RINKSIDE TWEETING 16 However, Foucault (2000) would caution against an understanding of Twitter as a toolthat, by its very nature, is functionally liberating: Liberty is a practice. So there may, in fact, always be a certain number of projects [Twitter] whose aim is to modify some constraints, to loosen, or even to break them, but none of these projects can, simply by its nature, assure that people will have liberty automatically, that it will be established by the project itself [Twitter]. (p. 354)Instead, Twitter can be understood as a railroad of sorts, connecting people by reducing the spacebetween them, and allowing them to communicate faster than ever before (Foucault, 2000, p.352). Likewise, it is the knowledge produced by resistance that modifies power relations, not theact of resistance itself. In fact, when examining power relations, it is the way in whichknowledge circulates and functions that is truly being examined, as well as its relation to power(Widder, 2004, p. 434). It is in discourse that power and knowledge become linked and consequently,“it is the daily and ceaseless relations that occur between all people in all locations that ultimatelyproduce subjectivities, economic systems, laws and, more generally, social realities and transformations”(Markula & Pringle, 2007, pp. 37-38). Therefore, power and knowledge cannot exist without eachother, and as a result, knowledge is also produced by normalising, disciplinary methods(Foucault, 1977). Nevertheless, athletes who use Twitter are able to contribute to the discourses involvingthem by producing their own knowledge and dispersing it through an open, non-discriminatorypublishing platform. For the first time, NHL players have the potential to truly and completelycontrol their communications with other power groups. Of course, they are still subjected todisciplinary measures like surveillance by their agent, their team, the league, mainstream mediareporters (especially those who engage on Twitter on behalf of the corporations for which they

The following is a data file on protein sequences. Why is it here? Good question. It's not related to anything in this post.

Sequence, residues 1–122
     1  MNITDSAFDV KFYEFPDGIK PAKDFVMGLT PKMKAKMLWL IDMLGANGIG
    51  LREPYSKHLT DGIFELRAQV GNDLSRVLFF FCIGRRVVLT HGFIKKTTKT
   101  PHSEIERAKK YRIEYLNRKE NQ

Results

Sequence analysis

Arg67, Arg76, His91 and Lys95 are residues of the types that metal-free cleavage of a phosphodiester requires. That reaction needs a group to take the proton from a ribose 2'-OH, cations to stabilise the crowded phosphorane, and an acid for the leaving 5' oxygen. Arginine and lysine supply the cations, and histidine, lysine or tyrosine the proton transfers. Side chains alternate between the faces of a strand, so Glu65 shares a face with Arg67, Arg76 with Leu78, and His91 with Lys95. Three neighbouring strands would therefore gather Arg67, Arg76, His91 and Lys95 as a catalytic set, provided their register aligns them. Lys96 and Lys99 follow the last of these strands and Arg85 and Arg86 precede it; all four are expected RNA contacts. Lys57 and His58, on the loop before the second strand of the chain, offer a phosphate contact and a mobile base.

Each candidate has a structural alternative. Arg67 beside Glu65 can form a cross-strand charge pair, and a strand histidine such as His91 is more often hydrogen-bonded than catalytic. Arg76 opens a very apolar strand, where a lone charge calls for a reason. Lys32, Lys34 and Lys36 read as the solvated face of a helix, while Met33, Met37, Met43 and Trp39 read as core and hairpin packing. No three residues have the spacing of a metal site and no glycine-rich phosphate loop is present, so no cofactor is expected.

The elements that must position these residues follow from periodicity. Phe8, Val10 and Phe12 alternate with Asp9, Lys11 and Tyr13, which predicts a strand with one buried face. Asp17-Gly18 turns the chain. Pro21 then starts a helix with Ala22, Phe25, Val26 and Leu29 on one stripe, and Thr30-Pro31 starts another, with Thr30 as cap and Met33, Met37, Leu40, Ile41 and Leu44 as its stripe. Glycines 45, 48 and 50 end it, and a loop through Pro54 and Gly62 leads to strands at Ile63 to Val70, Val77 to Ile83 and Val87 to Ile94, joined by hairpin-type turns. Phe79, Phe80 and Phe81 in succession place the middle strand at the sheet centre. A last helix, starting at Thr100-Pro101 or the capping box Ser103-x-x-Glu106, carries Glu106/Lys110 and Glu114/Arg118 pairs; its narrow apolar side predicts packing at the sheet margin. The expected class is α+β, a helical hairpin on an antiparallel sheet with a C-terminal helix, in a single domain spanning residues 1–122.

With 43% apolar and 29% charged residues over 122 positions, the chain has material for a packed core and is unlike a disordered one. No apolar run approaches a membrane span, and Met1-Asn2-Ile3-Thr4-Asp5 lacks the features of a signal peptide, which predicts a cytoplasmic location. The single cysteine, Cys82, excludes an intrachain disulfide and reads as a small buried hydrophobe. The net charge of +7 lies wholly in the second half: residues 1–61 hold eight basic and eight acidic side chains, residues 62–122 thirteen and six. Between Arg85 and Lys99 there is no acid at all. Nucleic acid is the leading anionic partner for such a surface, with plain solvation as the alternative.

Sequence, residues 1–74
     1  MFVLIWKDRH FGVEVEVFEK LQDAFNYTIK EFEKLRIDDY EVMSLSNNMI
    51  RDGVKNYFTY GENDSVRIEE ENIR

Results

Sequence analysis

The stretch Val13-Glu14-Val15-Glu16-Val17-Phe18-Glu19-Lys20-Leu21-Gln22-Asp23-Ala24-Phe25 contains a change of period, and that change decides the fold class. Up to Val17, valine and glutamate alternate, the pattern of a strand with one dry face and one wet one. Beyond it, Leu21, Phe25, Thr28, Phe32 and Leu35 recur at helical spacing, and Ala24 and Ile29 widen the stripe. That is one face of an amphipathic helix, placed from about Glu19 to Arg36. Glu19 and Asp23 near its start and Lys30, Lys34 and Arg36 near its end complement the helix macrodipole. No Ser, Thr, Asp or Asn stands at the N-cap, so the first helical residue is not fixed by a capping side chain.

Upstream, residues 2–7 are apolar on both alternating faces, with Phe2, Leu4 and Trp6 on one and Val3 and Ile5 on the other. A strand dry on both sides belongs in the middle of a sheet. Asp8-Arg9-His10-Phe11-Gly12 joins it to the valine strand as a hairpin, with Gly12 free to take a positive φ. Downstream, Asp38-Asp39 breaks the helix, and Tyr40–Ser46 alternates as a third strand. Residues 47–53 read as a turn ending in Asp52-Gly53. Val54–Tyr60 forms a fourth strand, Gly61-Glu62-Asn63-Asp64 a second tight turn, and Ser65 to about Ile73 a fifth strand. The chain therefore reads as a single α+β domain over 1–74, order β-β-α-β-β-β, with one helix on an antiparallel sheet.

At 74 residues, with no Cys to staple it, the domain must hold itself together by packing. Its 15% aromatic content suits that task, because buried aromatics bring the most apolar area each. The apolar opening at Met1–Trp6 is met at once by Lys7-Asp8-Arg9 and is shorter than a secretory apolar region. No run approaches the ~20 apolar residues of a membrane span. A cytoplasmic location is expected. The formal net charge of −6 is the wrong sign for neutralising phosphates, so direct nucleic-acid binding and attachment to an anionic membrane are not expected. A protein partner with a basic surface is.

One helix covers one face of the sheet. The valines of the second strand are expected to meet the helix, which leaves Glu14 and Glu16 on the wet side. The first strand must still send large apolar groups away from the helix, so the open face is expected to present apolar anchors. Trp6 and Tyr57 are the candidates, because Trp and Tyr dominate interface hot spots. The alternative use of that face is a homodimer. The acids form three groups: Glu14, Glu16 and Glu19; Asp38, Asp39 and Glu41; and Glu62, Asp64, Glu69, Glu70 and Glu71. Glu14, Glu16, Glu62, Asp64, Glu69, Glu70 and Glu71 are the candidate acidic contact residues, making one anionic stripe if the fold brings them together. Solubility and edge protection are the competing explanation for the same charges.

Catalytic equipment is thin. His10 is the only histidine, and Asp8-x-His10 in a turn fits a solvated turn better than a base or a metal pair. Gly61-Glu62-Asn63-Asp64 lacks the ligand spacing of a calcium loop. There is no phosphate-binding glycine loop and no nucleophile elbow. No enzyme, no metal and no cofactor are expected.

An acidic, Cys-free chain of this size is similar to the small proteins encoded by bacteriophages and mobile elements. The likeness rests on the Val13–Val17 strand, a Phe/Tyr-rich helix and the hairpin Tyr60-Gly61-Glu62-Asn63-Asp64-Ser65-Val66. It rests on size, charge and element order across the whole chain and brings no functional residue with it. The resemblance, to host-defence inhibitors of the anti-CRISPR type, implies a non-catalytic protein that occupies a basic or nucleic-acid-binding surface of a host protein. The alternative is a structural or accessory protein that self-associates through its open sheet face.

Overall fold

RINKSIDE TWEETING 17work), and the fans. Additionally, since you do not need to be a Twitter user in order to see apublic stream of tweets, Foucault‟s Panopticon metaphor is applicable here. NHL representativesin particular could potentially be using Twitter as a paternalistic surveillance tool to protect thediscourses they have worked so hard to build over the years (Kelly & Hickey, 2010, p. 41). AsFoucault explains, the panoptic gaze is defined by the potential observation it implies, as well asthe invisibility of the examination that would result from it (1977). In other words, since Twitteris by nature a public platform, the illusion of surveillance should encourage athletes to practiceself-discipline and filter their own content. The Panopticon model doesn‟t always work as it should, though, as proven by the case ofPhoenix Coyotes support player Paul Bissonnette, who is known for his colourful tweets,especially under his first account, @paulbiznasty (no longer available on Twitter but archived onhttp://topsy.com/twitter/paulbiznasty). Bissonnette‟s deliberately controversial trash talking wasmet with much criticism when he called Russian free-agent Ilya Kovalchuk a “communist” incommenting on the star‟s contract woes (Az Vibe, 2010). Some of Bissonnette‟s followers andNHL fans on Twitter in general, though used to his antics, felt that this comment went too far. Inorder to protect of his athlete, his agent recommended that the account be deleted (removing thetweets in the process). Interestingly, Bissonnette‟s comment would have been very muchacceptable in the privacy of an on-ice taunt and likely would not have been disciplined. But oncetransported to the public sphere, outside the microcosm of professional hockey, it was no longerappropriate (Az Vibe, 2010). Bissonnette has since then rejoined Twitter under the handle@BizNasty2point0 (http://www.Twitter.com/BizNasty2point0) and now claims to be “filtered,”though it is unclear how this surveillance is executed, especially since his tweets still border oninappropriate at times (Johnston, 2010).